Dr. Willie Parker explains why he is going to Mississippi to provide abortions to the people who needs them badly in the state. He writes (emphasis his)
In response to a query of why I choose to help women in Mississippi, the fact is that the women most at risk to be harmed by the loss of abortion services there are Black and poor. Twenty percent of all Mississippians live below the Federal poverty line, but 48% of Blacks there do, making it the poorest state in the country, a fact that exacerbates if not causes the life circumstances that lead to abortion. This observation is not to racialize the impending loss of abortion access for all women in the state, but rather indicates that my personal commitment to address the provider shortage there stems in part from my lived experience of growing up as a poor Black child in the south (Alabama) and knowing first-hand the dire circumstances that converge to create desperation for women with unintended or fatally flawed pregnancies. During my clinic days there recently, I counseled a pregnant woman with 5 kids, the youngest who had just died a year ago from cancer, who indicated that she could not care for another child financially or emotionally. She, along with others had traveled from various distances in the state for their first state-mandated counseling visit ,or were returning for their procedure following a second trip from hours away, often complicated by childcare/work considerations and doubled travel costs. They typify the hardships that Mississippi women endure due to the present laws.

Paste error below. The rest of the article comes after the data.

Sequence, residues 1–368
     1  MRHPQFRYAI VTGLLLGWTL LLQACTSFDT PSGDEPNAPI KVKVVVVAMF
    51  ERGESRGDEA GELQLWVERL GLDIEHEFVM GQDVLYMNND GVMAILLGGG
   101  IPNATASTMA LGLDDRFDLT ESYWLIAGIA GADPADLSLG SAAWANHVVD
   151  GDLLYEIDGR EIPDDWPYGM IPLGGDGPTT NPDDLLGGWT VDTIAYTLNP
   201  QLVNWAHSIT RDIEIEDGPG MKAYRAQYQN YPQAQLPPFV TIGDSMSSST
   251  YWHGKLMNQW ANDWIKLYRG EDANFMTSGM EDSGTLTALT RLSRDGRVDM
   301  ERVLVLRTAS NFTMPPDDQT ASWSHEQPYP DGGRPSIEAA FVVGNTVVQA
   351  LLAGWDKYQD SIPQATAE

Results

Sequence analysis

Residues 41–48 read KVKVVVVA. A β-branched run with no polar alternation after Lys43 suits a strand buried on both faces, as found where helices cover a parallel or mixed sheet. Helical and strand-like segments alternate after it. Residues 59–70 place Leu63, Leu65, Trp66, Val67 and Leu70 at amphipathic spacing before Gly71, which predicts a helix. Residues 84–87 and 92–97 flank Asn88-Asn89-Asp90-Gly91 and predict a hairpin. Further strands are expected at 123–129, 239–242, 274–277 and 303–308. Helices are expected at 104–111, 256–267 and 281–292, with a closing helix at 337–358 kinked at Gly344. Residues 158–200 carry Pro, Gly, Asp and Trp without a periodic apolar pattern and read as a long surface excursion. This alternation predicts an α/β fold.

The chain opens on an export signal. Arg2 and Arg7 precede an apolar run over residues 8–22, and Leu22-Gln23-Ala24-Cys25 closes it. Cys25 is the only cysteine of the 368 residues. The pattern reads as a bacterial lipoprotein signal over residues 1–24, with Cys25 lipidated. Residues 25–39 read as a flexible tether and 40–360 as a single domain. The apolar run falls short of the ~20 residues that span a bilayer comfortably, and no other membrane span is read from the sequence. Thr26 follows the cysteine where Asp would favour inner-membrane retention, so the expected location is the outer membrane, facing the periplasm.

Thank you, Dr. Parker for understanding our needs and for going to Mississippi!